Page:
I’m back on the wagon. I was off for some days as I thought I could write while still on my little recorrido of Peru, but I decided that I needed that time to just be present with other things and be in the moment with revisiting the Southland. So, here goes again…I’ll make up for lost time and just write into February as my blog per day…

Today, the 25th of January, it has been a month since I left the Bay Area to go on a little escapade. Now I am back. Trying to re-integrate everything it is that I learned and I experienced. Let me tell you a little about this experience…

Yesterday I was happy that it was my roommate’s day off so we jumped in the car, floated across the Richmond bridge (figuratively speaking of course as we were on the pavement part of the bridge, but it did feel like floating all the same), and up the 101 to land in Marin for a little hike. In California, whilst I was gone, the rain has come down non-stop and on the radio I have heard that we are no longer in a drought, so I guess there has been some good news during this tumultuous time of changing the hands of power. As we made our way into the Tennessee Valley and were approaching the Pacific I felt a sense of calm come over me and it felt like the perfect end to a trip.


For Christmas I made my way to Denver to see my parents and sister. I always like going to Colorado but the plains, the wind, the dryness, and the flightiness of the people there tends to leave me chapped and feeling like a tumbleweed at the end of my time. On New Years day I made my way to Quito to visit my brother and family (namely Deli and Aliyah). It was good to see them after a year and a half of Whatsapp and Skype. When you live far away from family, as I have for the last decade, you start from zero but you also start from wherever you left off. It’s like an awkward but very familiar encounter each time.

Then, I made my way to Peru to explore a country I had never been to before. While in Peru I came to realize that the Andean people are extremely friendly, down-to-earth, and very economically driven. They have no qualms in striking up a conversation with you and like to get to know new people in a very informal way. At the same time, everything has a price and many people that I encountered were very concerned about where there next soles were coming from and if they were going to be coming from my (the wealthy tourist’s) pocket. As a person that isn’t necessarily money-driven this came as a bit of a shock. At the same time, I come from a country that is capitalist in nature and the reason it keeps on going is because the monetary engine that drives it. Of course, our economy is a bit more structured and integrated into the daily fabric of everything. In Peru, everyone is trying to get their piece of the pie and sometimes these pieces overlap and I am sure that this leads to distrust in one another and to competition between friends and neighbors. I could talk about a particular woman who owns a hostal just south of Peru who talked to me at length about just that, but I will save that for another post.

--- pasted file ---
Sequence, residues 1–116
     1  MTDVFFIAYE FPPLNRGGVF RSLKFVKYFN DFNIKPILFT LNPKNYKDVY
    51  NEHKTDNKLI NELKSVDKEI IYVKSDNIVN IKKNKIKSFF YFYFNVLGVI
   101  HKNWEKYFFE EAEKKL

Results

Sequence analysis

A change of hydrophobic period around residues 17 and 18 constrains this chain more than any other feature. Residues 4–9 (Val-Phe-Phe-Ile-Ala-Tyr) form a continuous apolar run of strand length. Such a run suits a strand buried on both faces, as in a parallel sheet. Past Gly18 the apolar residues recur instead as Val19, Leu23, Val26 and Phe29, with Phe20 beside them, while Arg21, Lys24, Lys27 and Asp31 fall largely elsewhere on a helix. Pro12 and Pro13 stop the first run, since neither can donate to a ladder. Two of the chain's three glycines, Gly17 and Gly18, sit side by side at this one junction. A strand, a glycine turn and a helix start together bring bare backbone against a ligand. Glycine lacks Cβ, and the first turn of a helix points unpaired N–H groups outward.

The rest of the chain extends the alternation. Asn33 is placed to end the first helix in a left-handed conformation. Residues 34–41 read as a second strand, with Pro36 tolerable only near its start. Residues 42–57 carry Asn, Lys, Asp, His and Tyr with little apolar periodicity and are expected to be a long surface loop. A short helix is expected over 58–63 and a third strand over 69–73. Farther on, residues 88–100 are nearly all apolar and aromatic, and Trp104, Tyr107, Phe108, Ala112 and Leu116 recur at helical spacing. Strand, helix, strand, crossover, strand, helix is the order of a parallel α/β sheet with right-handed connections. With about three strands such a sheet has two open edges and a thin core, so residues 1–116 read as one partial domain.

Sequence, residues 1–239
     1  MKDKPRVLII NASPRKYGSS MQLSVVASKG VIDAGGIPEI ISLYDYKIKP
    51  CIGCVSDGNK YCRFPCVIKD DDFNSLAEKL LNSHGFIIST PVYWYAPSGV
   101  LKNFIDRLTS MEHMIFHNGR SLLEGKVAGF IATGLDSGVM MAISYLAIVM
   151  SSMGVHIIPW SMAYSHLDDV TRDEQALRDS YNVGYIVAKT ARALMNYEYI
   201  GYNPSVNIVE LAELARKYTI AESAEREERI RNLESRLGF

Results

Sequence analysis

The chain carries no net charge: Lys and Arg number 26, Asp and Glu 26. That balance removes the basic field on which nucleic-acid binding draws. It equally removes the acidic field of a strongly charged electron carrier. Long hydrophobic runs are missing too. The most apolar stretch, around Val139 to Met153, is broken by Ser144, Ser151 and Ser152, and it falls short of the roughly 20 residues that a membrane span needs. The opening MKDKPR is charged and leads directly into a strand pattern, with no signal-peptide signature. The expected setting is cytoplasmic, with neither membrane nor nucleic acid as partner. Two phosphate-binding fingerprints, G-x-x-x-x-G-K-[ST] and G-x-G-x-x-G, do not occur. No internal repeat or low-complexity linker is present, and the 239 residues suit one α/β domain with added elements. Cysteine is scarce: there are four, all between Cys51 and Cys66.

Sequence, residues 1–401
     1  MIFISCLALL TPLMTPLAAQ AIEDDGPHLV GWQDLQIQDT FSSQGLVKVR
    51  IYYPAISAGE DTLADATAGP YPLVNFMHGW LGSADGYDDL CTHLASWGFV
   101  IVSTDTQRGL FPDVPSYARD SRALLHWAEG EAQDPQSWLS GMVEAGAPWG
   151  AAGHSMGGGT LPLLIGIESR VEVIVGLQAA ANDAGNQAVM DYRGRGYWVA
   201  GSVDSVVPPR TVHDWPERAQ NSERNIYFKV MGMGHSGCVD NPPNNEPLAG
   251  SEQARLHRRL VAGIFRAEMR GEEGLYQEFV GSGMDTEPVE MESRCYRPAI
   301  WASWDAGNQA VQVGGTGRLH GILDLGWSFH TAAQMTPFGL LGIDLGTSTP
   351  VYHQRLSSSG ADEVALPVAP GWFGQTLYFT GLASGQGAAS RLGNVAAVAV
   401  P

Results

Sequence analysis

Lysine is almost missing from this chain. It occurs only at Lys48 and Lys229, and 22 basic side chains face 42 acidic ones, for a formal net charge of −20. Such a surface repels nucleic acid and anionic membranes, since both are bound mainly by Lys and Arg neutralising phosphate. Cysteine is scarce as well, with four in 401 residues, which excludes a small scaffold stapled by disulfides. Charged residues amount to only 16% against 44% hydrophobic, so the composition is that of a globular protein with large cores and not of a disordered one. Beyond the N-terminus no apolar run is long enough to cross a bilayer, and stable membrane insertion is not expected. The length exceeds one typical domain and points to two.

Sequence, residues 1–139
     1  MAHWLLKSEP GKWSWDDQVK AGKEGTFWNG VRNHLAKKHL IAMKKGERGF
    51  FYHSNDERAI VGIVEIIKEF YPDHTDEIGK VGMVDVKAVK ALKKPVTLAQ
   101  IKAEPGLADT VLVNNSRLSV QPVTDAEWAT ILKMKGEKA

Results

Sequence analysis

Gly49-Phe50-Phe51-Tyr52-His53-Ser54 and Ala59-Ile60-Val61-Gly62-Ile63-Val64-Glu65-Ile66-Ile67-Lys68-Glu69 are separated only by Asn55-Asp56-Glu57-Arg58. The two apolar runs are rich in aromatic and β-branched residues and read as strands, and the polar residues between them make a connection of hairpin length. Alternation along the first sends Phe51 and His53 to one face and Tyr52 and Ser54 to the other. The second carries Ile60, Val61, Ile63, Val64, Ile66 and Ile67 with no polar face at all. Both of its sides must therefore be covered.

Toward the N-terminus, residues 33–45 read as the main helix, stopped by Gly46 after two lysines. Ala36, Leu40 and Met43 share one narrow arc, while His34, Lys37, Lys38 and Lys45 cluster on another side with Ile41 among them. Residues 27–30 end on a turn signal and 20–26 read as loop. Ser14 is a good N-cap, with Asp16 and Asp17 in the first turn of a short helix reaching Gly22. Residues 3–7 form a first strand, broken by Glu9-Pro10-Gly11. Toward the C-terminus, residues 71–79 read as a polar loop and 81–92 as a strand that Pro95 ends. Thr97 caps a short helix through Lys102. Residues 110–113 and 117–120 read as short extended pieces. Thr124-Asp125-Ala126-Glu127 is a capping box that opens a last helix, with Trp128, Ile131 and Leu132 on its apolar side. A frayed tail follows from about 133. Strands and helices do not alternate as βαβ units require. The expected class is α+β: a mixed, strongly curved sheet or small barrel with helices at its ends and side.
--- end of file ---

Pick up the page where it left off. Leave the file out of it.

Today I just wanted to briefly discuss how it is we integrate our experiences away from home into our lives. I will venture to say that most people go on vacation and then come back and try to go back to their daily rhythms and routines. Might this be you? They dream of the beach they were on a, reminisce over all the pictures they took, and use some of what they learned about a culture, country, state, or people, in conversation at the next dinner party or happy hour. There’s another category of people that like to integrate what they have learned and experienced into the very fabric of their beings. This is the person that I am. Sometimes this takes time, because you have to process the things you witnessed or were part of and see how you can really make sure they can come into your life in a meaningful and poignant way. If not, yes, you risk culturally appropriating and the like.

For example, one of the things that I hope to do in the upcoming weeks and months is to cook some of the dishes that I most enjoyed during my time in Ecuador and Peru. Some of these dishes include sopa de quinoa (a simple quinoa soup with vegetables in a light veggie broth), salteñas (a kind of empanadas that have a sweet doughy taste to them normally made with ground beef and veggies and is a mix between sweet and savory), ají (a spice that is put on almost anything in both Peru and Ecuador, and uses different hot peppers and other spices to make a great accompaniment to whatever you have on your dinner table. I’ll just start with those three and then go from there.

Other than the food I’d like to continue to eat, one of the reasons I love going to the South is because I love the cadence of life there. It is not pressured or hurried, it is tranquil and at-your-own-pace. Sometimes this can prove to be irritating or annoying if you have somewhere to be, but really, I think it’s a good reminder that humans are not machines and shouldn’t be treated as such.